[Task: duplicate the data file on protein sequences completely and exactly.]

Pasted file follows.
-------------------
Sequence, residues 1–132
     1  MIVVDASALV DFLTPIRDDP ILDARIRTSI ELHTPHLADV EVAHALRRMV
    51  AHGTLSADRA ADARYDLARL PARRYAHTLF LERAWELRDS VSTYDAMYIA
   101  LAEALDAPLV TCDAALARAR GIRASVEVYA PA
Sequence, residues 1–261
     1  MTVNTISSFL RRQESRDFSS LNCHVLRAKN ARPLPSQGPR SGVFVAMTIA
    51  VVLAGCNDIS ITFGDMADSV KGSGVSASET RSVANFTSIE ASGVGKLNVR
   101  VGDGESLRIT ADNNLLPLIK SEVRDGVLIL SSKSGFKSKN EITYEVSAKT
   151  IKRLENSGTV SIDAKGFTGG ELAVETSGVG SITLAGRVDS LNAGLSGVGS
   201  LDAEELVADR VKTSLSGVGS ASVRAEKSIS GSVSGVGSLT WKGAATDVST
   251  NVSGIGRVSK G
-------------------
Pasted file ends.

Sequence, residues 1–132
     1  MIVVDASALV DFLTPIRDDP ILDARIRTSI ELHTPHLADV EVAHALRRMV
    51  AHGTLSADRA ADARYDLARL PARRYAHTLF LERAWELRDS VSTYDAMYIA
   101  LAEALDAPLV TCDAALARAR GIRASVEVYA PA
Sequence, residues 1–261
     1  MTVNTISSFL RRQESRDFSS LNCHVLRAKN ARPLPSQGPR SGVFVAMTIA
    51  VVLAGCNDIS ITFGDMADSV KGSGVSASET RSVANFTSIE ASGVGKLNVR
   101  VGDGESLRIT ADNNLLPLIK SEVRDGVLIL SSKSGFKSKN EITYEVSAKT
   151  IKRLENSGTV SIDAKGFTGG ELAVETSGVG SITLAGRVDS LNAGLSGVGS
   201  LDAEELVADR VKTSLSGVGS ASVRAEKSIS GSVSGVGSLT WKGAATDVST
   251  NVSGIGRVSK G